With NAB in full swing this week, everyone is talking about delivering video services. Makes it a good time to discuss how Copenhagen (Denmark) based service provider Nianet has combined an extensive fiber deployment (100K+ km ) with a new investment in their IP network to offer video conferencing as a cloud service to business customers. For the small and medium sized business owner, you get big business productivity. Lease video conferencing on demand!
Nianet, which offers high-speed fiber communications throughout Denmark also distributes content from its sister company Waoo. They are now seeing the impact of companies increasingly producing their own video content, and therefore demanding faster and more symmetrical high speed data connections. The combination of fiber and high performance routers results in much faster speeds on both up and downstream.
“Businesses have really taken video communication as an alternative to physical meetings, and the technology is now spreading also from dedicated telepresence rooms for desktops and mobile devices. This places greater demands on both up and downstream, and Nianet has chosen to expand its backbone with twelve Cisco ASR 9000 routers to meet the increasing traffic and quality needs.
We also offer video conferencing as a cloud service to companies that want to begin with HD video communications. It therefore becomes easier to implement a full videoconferencing setup since we provide the server space, management software and plenty of bandwidth,” says Rasmus Helmich, CEO of Nianet.
Widely deployed from the core to the edge, IP/MPLS has achieved huge success as a mature, standards-based technology now deployed by virtually every service provider worldwide. As a result, the industry has chosen to extend IP/MPLS and develop a transport profile called MPLS-TP (MPLS Transport Profile). MPLS-TP is the packet transport technology of choice being developed by the IETF to allow service providers to cost effectively migrate existing transport networks to packet based solutions.
Recently EANTC conducted an MPLS-TP Interoperability Event which focused on testing and demonstrating interoperability of key IP/MPLS and Carrier Ethernet features between multiple vendor platforms. This represented a critical technology demonstration for service providers as they begin their migration to packet transport networks.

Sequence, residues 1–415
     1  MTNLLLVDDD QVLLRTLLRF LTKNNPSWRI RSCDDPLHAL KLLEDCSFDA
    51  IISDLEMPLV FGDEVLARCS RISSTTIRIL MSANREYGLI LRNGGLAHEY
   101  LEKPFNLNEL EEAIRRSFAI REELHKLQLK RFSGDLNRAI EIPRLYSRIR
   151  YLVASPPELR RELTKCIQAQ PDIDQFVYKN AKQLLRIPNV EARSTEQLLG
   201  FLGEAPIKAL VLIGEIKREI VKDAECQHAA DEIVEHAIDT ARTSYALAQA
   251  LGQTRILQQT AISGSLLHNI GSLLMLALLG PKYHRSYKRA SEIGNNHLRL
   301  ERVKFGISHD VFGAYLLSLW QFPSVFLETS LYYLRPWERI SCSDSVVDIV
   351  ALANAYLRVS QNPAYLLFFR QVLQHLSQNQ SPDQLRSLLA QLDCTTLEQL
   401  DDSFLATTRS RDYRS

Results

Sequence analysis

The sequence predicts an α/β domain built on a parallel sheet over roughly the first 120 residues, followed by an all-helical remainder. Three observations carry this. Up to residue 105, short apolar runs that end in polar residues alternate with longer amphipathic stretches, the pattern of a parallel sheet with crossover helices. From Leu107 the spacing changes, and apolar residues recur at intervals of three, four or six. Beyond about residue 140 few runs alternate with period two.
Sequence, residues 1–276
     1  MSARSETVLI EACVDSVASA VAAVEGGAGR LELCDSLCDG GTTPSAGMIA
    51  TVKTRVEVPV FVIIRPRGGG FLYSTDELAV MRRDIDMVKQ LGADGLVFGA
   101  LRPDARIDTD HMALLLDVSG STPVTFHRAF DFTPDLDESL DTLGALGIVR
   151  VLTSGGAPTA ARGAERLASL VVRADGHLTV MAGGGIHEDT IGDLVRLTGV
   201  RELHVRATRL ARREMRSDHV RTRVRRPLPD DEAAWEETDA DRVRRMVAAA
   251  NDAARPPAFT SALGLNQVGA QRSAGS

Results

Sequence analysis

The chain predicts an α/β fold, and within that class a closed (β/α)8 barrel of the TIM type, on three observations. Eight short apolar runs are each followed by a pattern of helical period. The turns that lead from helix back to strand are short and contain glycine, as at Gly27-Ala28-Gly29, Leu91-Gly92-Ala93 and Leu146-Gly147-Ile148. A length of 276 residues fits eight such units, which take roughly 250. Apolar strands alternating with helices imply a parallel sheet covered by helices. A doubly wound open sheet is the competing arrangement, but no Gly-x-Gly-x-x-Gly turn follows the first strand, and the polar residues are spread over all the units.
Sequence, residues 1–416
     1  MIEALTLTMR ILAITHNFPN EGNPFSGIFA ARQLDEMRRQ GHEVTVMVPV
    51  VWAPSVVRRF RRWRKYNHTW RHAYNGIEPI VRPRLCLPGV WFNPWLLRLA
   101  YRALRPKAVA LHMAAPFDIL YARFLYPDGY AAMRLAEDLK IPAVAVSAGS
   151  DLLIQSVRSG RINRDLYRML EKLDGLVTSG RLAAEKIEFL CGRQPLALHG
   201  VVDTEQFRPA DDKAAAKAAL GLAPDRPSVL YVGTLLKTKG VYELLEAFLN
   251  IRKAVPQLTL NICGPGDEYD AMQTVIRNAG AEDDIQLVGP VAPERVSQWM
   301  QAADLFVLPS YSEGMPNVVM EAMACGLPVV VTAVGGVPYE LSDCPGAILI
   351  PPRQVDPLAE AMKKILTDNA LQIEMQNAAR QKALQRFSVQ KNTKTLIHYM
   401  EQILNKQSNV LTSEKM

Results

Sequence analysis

Let’s face it - dancing cats are cute and apocalyptic visions of the future without IPv6 can be entertaining, but a glitch or two…or a “video not available” won’t violate any service level agreements. But what happens if the FIFA World Cup broadcast goes down? Or the “Auburn-Alabama” football game? Or the amazing live video feed of those copper miners in Chile being rescued? Millions will know immediately, and if it’s a paid event - millions of dollars of advertising or pay-per- revenue could be lost.
As it happened previously with voice, video transport is now moving from TDM to IP and this brings many benefits in terms of flexibility, the potential for application integration, and the opportunity to reach new customers watching on mobile and computing devices. However, this creates a new set of challenges for today’s operators - to not just carry a diverse set of video formats, but also to more endpoints while still ensuring a uniform high quality of experience.
Growth in enterprise and consumer services, including cloud computing, video and collaboration services, are some of the key customer trends that underpin many service providers’ decision to further invest in Carrier Ethernet technology. And Tata Communications is no exception.
On Tuesday, Tata Communications, a global service provider and a leader in the Ethernet market, announced that it has selected the Cisco® ASR 9000 Series Aggregation Services Routers to support its new global Next Generation Ethernet Network; and is using the Cisco ASR 9000 to deploy the first global 802.1ah Provider Backbone Bridging (PBB) network.
In plain English, this means that Tata Communications’ customers will benefit by having a larger variety of services delivered with greater scalability, reliability, efficiency.
All existing and new services will be delivered with geographic specificity to minimize latency over a highly efficient network. Migrating to 802.1ah PBB will give Tata Communications a network that can deliver multipoint services more efficiently, while at the same time being able to handle a higher volume of services.
This should be exciting news for Tata’s customers specifically as well as the industry in general. The Cisco Visual Networking Index (VNI) Forecast for 2009-2014, projects that global Internet traffic will increase more than fourfold to 767 exabytes, or more than three quarters of a Zettabyte, by 2014. This amount is 100 exabytes higher than the projected level in 2013, or in other words an increase equivalent to 10 times all the traffic that traversed Internet Protocol Next-Generation Network (IP NGN) in 2008.